The charitable organisation run by St John Ambulance Western Australia underpaid 446 current and former employees between 2013 to 2021.
Healthcare provider underpaid staff $4.86 million
Healthcare provider Apollo Health Limited has back paid staff over $4.86 million, including interest and superannuation, signing an enforceable undertaking with the Fair Work Ombudsman (FWO).
The not-for-profit charitable organisation, which has been owned by St John Ambulance Western Australia Limited since 2016, self-reported to the FWO in November 2021 after uncovering underpayments during a self-initiated review.
The FWO said the underpayments were predominantly due to payroll issues that were not discovered by St John Ambulance when it acquired Apollo Health in 2016.
The regulator said there were also failures in correctly applying some provisions of the relevant awards with time recording found to be inadequate or incomplete.
Consequently, 446 current and former employees were underpaid approximately $3.8 million, excluding superannuation and interest, between July 2013 and July 2021.
The FWO said Apollo Health had back-paid all underpayments to 438 current and former workers, with more than $4.86 million, including superannuation and interest, provided to the impacted employees.
The regulator said the back payments for the remaining eight former employees, which the firm could not locate, had been paid to the FWO.
The regulator found employees were underpaid their minimum rates, overtime, penalty rates, allowances and annual leave under the Fair Work Act 2009, with most back payments ranging from $15 to 12,000 with $139,446 being the highest.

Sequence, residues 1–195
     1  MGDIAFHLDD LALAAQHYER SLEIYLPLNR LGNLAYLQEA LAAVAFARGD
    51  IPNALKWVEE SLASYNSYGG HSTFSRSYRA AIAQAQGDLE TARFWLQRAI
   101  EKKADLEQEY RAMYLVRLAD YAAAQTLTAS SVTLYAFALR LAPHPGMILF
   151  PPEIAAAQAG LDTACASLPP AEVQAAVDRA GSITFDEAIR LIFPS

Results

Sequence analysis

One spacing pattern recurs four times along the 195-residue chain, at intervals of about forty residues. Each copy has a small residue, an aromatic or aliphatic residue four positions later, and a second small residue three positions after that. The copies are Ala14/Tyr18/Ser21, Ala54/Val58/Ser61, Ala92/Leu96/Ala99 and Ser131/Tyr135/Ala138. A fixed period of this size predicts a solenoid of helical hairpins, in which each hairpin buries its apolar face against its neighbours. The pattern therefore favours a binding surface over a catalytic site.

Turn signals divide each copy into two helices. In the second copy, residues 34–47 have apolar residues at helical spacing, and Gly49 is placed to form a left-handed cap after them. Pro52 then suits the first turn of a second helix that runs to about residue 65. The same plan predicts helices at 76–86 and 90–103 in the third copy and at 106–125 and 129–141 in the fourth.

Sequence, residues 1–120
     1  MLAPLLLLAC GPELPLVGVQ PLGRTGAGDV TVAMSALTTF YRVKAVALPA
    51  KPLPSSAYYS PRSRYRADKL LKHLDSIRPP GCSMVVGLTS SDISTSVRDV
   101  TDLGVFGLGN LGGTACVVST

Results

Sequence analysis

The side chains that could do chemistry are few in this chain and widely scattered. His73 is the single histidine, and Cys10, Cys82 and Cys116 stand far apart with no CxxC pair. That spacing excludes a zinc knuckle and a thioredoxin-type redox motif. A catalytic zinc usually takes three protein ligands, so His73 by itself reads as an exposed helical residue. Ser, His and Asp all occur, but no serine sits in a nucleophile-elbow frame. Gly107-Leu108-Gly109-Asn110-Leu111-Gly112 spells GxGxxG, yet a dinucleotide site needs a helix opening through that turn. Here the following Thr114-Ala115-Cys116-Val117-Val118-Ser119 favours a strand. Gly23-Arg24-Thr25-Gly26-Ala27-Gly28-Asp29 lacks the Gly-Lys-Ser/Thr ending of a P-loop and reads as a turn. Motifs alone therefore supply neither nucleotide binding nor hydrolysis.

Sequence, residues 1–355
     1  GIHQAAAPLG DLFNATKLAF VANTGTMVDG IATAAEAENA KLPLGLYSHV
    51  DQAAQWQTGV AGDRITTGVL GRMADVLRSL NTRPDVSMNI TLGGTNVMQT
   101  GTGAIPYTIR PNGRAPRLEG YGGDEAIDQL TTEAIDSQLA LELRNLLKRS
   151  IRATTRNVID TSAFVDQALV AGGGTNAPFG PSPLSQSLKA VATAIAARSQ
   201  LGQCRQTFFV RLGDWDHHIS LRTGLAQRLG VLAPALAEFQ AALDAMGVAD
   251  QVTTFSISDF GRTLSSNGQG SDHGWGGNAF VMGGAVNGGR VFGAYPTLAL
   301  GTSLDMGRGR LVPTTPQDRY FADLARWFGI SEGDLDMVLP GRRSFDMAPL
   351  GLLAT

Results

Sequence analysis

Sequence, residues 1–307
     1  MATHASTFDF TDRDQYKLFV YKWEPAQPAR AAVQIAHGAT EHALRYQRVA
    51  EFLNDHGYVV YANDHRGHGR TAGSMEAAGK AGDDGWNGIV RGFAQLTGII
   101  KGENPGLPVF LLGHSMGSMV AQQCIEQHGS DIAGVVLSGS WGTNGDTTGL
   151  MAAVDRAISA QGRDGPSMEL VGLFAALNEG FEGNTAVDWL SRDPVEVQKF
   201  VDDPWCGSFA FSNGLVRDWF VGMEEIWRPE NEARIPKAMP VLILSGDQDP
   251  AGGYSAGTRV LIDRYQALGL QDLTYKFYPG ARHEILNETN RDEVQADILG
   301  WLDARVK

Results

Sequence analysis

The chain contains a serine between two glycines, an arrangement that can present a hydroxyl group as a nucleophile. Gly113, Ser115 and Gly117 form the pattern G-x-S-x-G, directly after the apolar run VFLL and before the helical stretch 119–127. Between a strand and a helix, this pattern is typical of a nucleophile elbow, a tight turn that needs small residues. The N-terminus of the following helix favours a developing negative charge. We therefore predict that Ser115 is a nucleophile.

Along with back paying the impacted staff, the enforceable undertaking also required Apollo Health to write to all underpaid employees to notify them of its commencement, publish a notice in a newspaper regarding its contraventions and establish a telephone hotline and dedicated email for all employees who worked during the period to make inquiries.
Acting Fair Work Ombudsman Kristen Hannah said the enforceable undertaking was the appropriate measure due to the firm’s cooperation with the regulator’s investigation and its commitment to rectifying underpayments.
“Under the enforceable undertaking, Apollo Health has committed to implementing stringent measures to ensure all of its workers are paid correctly. These measures include commissioning, at its own cost, an independent audit to check its compliance with workplace laws next year,” said Ms Hannah.
“This matter demonstrates how important it is for employers to place a high priority on their workplace obligations, to ensure that their systems provide for full compliance with all entitlements.”
“Shortcomings in Apollo Health’s payroll system and broader compliance were left unchecked, which led to hard-working employees missing out on their money.”